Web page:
Memories of Baile na nGall: Poignant Family Moments in County Kerry

Myself, Mom and Grandad at Baile na nGall aka Ballydavid in County Kerry
Me, Mom and Grandad at Ballydavid Pier
Me, Mom and Grandad at Ballydavid Pier

“Conas atá sibh?”, “Go maith!” we both answered in unison.

Baile na nGall is a special place for Mom and I. Translated as “Town of the Foreigners”, it’s more like a second home rather than a foreign land. Áit gurb fhéidir linn Gaelainn a labhairt gan stró.

Not only is it a great spot for an off-the-beaten-track drink, it’s also the place where my grandad was born in the heart of the Gaeltacht.

Paddy Kavanagh, Pat, or Pádraig Ó’Ciobhán as he was known, was born in Baile na nGaell (or the “fíor Gaeltacht” he mused), in 1915. He joined An Garda Síochána in 1935, and after a spell in Phoenix Park Garda Depot, he was sent to Glenbeigh. It was here that he met Clare woman, Winifred – “my first and last love” he called her. They married in 1939 and had four children.

Grandad was a gardener with a great love of nature. In the moorland, he loved nothing better than sitting on a turtóg on the bog while smoking his pipe – a signature look that he acquired over the years. “The moorland was Majorca at home”, he’d say.

His best advice for success was: “Never become so important that you took yourself too seriously”.

Grandad died in 2006 after a short illness, aged 91. You can read more about his story and mine in my memoir Anseo published by New Island Books.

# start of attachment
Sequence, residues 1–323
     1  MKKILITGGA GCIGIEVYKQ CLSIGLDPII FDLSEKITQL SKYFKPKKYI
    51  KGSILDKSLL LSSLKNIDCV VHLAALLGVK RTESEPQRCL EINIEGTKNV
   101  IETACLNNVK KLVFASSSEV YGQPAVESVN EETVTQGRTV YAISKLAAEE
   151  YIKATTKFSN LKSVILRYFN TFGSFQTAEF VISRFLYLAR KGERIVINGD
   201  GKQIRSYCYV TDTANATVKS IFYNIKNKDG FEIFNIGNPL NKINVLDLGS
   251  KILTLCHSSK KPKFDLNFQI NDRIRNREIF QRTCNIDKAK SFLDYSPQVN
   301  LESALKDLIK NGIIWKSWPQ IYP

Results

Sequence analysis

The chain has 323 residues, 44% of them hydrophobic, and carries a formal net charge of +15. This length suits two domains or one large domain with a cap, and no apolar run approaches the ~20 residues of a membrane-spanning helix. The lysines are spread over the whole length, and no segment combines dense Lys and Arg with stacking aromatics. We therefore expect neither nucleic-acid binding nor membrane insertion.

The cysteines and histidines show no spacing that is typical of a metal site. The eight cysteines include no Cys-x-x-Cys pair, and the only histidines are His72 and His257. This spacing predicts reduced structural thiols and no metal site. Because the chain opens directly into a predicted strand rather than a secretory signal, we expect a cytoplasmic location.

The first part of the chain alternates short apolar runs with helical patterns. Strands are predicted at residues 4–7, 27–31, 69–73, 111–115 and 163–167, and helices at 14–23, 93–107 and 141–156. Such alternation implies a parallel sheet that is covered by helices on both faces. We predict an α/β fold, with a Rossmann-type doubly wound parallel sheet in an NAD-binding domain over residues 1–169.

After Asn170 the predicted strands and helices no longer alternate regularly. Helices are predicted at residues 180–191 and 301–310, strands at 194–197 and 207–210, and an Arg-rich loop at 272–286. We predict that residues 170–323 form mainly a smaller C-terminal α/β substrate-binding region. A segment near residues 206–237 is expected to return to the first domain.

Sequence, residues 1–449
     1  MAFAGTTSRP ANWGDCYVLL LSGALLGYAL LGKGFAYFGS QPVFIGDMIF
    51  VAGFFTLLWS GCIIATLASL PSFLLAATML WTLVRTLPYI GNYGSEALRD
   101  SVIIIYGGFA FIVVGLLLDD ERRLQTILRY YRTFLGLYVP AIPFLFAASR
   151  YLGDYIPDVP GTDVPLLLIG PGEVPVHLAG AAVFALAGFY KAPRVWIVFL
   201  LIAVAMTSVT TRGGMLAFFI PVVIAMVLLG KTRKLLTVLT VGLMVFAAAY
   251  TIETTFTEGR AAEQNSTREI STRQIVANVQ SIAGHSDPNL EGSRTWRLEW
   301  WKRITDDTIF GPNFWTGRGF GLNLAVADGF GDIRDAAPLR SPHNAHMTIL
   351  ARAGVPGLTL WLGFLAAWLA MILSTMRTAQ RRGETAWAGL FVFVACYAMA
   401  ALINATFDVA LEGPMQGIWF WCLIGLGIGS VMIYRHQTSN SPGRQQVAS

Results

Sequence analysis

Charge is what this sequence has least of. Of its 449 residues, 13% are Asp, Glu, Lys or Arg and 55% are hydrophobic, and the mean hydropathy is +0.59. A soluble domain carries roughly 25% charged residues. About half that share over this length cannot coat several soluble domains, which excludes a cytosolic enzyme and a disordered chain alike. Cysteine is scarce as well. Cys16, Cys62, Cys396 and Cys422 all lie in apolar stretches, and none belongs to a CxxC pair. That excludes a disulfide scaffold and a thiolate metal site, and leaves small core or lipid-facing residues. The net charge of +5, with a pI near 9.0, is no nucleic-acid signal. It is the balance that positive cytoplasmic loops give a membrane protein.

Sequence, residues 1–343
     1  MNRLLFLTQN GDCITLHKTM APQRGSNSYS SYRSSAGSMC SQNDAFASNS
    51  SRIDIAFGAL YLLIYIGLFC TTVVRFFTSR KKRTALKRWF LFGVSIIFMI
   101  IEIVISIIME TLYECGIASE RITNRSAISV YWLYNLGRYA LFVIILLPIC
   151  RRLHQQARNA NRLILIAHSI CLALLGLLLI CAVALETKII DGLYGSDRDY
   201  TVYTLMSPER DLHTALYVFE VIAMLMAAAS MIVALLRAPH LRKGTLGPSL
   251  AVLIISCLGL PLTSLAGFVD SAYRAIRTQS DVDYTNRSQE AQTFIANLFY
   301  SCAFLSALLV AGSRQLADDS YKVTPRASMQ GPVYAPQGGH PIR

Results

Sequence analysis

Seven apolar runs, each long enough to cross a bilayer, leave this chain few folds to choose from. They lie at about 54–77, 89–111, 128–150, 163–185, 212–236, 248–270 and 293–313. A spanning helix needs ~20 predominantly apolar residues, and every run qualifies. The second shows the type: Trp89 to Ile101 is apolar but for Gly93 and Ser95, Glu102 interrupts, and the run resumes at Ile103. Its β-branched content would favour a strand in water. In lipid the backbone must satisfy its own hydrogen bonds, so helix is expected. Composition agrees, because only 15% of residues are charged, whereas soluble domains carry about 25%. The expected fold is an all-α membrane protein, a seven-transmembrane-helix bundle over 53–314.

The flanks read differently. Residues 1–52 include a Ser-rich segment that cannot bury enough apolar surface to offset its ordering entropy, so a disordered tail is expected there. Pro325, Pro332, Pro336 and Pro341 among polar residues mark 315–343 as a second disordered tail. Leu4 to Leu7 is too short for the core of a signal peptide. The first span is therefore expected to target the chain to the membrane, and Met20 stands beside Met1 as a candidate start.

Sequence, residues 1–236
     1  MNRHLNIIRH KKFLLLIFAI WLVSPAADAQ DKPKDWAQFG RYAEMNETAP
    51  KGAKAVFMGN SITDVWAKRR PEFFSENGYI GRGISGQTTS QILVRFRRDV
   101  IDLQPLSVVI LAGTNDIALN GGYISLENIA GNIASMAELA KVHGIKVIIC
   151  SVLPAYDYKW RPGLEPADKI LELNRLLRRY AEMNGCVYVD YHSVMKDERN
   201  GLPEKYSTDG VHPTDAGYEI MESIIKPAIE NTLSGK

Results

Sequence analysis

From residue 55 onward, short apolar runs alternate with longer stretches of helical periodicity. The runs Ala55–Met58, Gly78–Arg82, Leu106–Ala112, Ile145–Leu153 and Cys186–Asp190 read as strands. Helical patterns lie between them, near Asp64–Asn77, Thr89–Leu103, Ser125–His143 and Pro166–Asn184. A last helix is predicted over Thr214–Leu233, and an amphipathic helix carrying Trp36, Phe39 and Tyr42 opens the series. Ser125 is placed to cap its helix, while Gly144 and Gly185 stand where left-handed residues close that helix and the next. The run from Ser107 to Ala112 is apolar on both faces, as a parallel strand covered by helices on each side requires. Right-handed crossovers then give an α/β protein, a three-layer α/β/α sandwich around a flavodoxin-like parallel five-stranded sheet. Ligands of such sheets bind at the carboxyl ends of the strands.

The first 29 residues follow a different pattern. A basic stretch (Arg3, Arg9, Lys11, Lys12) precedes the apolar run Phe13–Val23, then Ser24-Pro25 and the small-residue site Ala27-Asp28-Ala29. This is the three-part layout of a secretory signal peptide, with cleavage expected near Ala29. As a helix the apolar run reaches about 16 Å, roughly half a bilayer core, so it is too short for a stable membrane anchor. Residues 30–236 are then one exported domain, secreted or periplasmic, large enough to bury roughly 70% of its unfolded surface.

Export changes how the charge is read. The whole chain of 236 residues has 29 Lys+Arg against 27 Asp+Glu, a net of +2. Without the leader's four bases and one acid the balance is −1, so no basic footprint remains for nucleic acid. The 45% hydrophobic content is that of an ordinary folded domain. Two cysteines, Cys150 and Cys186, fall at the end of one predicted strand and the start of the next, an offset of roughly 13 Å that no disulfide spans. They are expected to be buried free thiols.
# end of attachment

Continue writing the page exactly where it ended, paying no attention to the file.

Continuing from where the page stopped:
Baile na nGall is a small, quaint, uncommercialised townland in the Kerry Gaeltacht. It’s on the shores of Smerwick Harbour and is a quiet fishing village.

Home to a few houses, pubs, a beach, pier, the Irish language radio station Raidió na Gaeltachta, it oozes old-school Ireland from times gone by.

It’s here that we come across locals who are willing to speak the cúpla focal with people like us.

Moving past Tigh T.P.‘s pub you can head towards the back of Baile na nGall and Siúlóid na Faille (or cliff walk) where you’ll soon come across a rundown watchtower.

With the Atlantic swishing and crashing down below, it’s a magnificent, scenic route – an ideal spot too for a moment of reflection.

The walk itself takes about two hours and loops back towards the village if you take a right after the path meets the road at Dooneen Strand. Then head back and take a well-deserved drink at Begley’s or Tigh T.P.’s – we have many a time!

If you’d like to read more about Grandad, you can see an interview he did in The Kerryman here.

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Hello! Úna-Minh is a journalist, social media consultant and virtual assistant who loves (you guessed it) TRAVEL. She also feels a bit strange writing in the third person so she'll stop that now. You can find out more about me and my Mammy in the about section of this blog!

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